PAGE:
Because it is something unverifiable or in direct contrast to their own theories, a handful of cosmologists choose to ignore potential properties of the realm allowing for primordial fluctuations in the first place, notwithstanding the primordial fluctuation of all potential universes. They assign properties for primordial fluctuations out of a vacuum of observable, three-dimensional space but not for those that might appear from outside the Universe. Do they avoid providing such compulsory explanations because such answers lie just outside the realm of known mathematical computation and more within the realm of unknown quantum physics? Should people refrain from contemplating their properties until quantum physicists are able to provide better answers? Though it may not be the responsible approach for scientists, there is nothing wrong with members of the general public devising a logical hypothesis based on the available science in order to help answer such questions now.
Armand Delsemme, Professor of Astrophysics at the University of Toledo, once stated, “The phrase ‘before the big bang’ has no meaning because the flow of time did not exist.”[iv]
It is logical to assume three or four-dimensional notions of time before the big bang have no meaning. Though perhaps some form of definable existence with assignable properties—nonexistence, interdimensional existence, preexistence, or hyper-dimensional existence—and exclusive to a three-dimensional perspective does have meaning. The parameters of this type of reality are necessary to explain the initial reference frame allowing for a primordial quantum fluctuation of three-dimensional observation in the first place.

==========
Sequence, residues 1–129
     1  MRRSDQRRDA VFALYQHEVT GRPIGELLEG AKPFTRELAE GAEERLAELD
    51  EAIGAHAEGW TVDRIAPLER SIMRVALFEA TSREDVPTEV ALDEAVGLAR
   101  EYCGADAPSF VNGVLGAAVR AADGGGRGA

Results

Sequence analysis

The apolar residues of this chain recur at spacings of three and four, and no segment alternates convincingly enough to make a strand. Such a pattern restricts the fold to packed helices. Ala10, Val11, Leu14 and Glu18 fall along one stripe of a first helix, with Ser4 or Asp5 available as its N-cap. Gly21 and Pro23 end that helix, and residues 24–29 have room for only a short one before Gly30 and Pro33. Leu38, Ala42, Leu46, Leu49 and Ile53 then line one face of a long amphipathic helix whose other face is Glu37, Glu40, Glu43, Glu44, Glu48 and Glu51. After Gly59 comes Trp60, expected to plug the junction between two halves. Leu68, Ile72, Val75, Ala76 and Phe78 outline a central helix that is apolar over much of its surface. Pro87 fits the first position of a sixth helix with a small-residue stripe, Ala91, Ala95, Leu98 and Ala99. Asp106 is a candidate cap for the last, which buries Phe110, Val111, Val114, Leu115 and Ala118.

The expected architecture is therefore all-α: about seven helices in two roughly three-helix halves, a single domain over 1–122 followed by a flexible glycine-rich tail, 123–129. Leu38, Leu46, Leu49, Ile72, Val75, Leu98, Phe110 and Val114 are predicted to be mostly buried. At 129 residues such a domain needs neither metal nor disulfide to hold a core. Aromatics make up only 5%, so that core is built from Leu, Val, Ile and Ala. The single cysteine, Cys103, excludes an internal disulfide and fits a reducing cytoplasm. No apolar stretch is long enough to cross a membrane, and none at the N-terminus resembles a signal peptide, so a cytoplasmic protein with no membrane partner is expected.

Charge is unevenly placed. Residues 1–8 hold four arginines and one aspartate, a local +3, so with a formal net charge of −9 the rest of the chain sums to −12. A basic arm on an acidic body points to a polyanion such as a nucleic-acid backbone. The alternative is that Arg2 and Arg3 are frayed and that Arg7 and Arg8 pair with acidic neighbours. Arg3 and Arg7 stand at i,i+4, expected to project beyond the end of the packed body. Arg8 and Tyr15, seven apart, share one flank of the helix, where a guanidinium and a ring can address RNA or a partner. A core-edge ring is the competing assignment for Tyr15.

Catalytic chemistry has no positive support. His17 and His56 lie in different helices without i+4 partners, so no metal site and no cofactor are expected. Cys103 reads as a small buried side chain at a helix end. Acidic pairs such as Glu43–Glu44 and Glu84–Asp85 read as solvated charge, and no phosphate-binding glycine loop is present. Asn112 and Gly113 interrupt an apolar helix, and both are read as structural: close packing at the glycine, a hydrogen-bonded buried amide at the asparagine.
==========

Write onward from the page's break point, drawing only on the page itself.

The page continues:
Evidence of random vacuum fluctuations borrowing existence from other regions of space is an invalid example for the origin of a universe, because the borrowed energy, or false vacuum, is from a heretofore-existing, three-dimensional realm.
Cosmologists believe the Universe appeared from nothing, but nothing is a valid initial condition worth further examination since there is no state of absolute nothing. String theory and quantum cosmology may provide the only solace in determining these parameters. If all potential forms of existence turn out to be inherently infinite, then so be it. But scientists do not like infinite answers in their equations, even if they do provide the only possible results. And it may be impossible for our three-dimensional mathematics to define any basis of reference for a hyper-dimensional realm outside the big bang.
[i] Tolman, Richard. Relativity, Thermodynamics and Cosmology. MineolaNY: 1934, 1987, p. 486.